Tim Judge

As an undergrad, my introduction to I-O psychology was a class ON Frank Schmidt (not BY Frank Schmidt…): The majority of our Personnel Selection syllabus focused on his work, or work he and Jack Hunter made possible. When seeing him at conferences, I admired how – when he encountered someone who was wrong – he could be both forceful and kind when setting them straight.
Personally, there are so many things I will remember fondly: How nervous I was as a young grad student when Frank stood in front of my SIOP poster (a meta-analysis)… His mischievous grin when he looked at the results (strong correlations between ‘practical intelligence’ and GMA)… His generosity and genuine interest when he spent time with any of his (numerous) academic grandchildren. And that, whenever we talked about my home country, he gave me a 30-minute lecture on the quality of German-made hunting rifles. We will miss, but not forget you, Frank.

Stephan Dilchert

As a scientist, Frank was one of the clearest writers I’ve ever read. My own writing has been immensely impacted by him. Every day in my work, I see echoes of his ideas about replicability, validity, and scientific theory. As a person, Frank was immensely kind and optimistic about human nature. I cherish the opportunities I had to talk with him and the generosity he had giving me feedback and support in developing my scientific thinking.

Brenton Wiernik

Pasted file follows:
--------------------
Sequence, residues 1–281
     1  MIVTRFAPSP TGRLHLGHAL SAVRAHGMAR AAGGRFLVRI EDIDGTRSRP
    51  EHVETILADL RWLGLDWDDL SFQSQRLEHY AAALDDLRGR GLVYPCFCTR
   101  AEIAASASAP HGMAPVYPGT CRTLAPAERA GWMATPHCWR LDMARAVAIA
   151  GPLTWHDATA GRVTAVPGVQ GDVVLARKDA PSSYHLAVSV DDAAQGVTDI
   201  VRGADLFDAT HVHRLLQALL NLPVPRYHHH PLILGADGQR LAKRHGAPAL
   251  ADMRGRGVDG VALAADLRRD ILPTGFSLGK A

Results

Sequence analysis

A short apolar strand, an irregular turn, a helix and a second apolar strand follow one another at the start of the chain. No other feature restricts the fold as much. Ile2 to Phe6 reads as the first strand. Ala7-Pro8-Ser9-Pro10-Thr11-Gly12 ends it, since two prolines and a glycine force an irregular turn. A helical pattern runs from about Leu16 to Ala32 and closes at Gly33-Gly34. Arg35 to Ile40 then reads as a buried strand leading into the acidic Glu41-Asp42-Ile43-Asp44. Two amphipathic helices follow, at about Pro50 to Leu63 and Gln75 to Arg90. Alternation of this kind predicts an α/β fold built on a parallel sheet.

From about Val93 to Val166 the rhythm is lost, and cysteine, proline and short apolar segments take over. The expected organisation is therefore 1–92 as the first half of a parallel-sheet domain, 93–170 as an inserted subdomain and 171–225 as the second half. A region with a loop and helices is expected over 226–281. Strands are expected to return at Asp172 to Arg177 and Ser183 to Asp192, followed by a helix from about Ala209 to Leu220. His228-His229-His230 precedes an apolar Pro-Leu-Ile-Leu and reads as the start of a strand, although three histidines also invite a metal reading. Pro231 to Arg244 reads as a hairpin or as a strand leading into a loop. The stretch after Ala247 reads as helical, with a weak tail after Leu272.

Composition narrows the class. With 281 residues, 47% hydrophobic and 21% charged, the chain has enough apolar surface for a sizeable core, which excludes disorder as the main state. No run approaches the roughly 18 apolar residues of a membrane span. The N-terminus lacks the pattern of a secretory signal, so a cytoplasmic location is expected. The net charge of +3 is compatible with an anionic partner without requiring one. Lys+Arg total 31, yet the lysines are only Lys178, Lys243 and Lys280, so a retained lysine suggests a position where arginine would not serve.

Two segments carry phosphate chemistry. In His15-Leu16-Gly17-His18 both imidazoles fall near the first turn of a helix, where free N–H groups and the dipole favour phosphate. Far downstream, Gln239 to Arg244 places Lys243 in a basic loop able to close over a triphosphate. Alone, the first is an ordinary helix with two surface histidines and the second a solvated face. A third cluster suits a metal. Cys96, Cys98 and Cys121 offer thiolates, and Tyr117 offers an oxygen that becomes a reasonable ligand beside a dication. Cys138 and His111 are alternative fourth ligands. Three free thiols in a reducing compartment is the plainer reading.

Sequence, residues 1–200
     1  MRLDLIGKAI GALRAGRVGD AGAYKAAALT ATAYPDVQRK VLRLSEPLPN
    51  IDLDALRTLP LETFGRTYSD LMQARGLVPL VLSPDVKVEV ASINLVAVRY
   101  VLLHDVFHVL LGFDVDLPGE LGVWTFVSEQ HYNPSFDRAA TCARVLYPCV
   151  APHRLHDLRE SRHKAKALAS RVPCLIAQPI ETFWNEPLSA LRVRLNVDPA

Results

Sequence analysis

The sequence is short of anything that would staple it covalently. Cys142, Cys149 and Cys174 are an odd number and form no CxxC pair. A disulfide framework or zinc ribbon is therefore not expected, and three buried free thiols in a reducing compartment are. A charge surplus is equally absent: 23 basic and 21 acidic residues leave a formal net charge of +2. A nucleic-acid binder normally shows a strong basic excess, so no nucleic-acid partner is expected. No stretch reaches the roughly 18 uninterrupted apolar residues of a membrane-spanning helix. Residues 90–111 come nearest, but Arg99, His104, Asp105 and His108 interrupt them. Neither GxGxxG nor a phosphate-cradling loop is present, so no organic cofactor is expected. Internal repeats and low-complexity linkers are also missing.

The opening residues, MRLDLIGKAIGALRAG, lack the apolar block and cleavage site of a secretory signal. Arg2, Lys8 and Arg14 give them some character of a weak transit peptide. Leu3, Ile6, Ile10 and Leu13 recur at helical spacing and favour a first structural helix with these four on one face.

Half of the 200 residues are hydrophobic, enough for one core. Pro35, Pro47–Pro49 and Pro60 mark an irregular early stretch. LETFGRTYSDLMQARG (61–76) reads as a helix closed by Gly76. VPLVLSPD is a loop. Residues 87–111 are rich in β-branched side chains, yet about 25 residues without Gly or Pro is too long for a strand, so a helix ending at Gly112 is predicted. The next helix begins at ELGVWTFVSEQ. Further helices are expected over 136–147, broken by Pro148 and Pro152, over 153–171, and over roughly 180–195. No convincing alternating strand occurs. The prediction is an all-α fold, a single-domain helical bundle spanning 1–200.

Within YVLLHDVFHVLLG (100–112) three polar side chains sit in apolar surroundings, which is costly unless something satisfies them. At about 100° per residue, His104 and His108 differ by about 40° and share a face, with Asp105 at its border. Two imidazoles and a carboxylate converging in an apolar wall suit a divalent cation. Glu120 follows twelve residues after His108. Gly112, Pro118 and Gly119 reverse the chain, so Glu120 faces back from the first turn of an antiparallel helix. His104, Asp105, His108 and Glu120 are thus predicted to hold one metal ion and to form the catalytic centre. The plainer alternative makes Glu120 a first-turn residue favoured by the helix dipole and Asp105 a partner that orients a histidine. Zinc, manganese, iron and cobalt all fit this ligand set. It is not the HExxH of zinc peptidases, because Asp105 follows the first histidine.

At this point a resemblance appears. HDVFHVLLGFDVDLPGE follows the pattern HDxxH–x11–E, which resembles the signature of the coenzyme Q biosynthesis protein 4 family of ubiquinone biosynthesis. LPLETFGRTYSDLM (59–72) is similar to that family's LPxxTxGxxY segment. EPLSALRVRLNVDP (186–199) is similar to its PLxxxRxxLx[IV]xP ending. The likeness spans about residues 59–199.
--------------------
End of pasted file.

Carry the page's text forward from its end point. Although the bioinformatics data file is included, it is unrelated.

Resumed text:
A personal story: I emailed Dr. Schmidt in the early 2000s from outside the US. I was a graduate student without access to research. He not only replied to my email, he also mailed me copies of his publications and got me in touch with one of his students to help me with other questions. I will forever be grateful for his help. My condolences to his loved ones. A huge loss for the field.

Dan Ispas

As an alum of the HR/OB doctoral program at Iowa, I was one of the many students fortunate enough to take five PhD classes taught by Frank. He cared about each and every one of us and will always be missed. Thank you Frank for all you did throughout your career, not just the hundreds of intellectual contributions, but also for showing your care and concern for so many people on a personal level as well. You will never be forgotten.

Russell Guay

WOW – what a shame. A true giant in the field, and an eminent scholar. He was incredibly supportive of me and others when we were just starting out as graduate students and fumbling around trying out this “new thing” called meta-analysis. RIP Frank

John Mathieu

Only a few people change how we think about the world, either through their humanity and integrity, their intellectual acuity, or their courage. Frank was that rarest of people who was honest and generous, who was steadfast in his viewpoints, and whose insight and intelligence allowed him to conceptualize fundamental ideas and see their practical impact. Frank changed the way I, and many, many others, think about science and evidence. He leaves a fine and broad legacy, indeed.

Wendy L. Dunn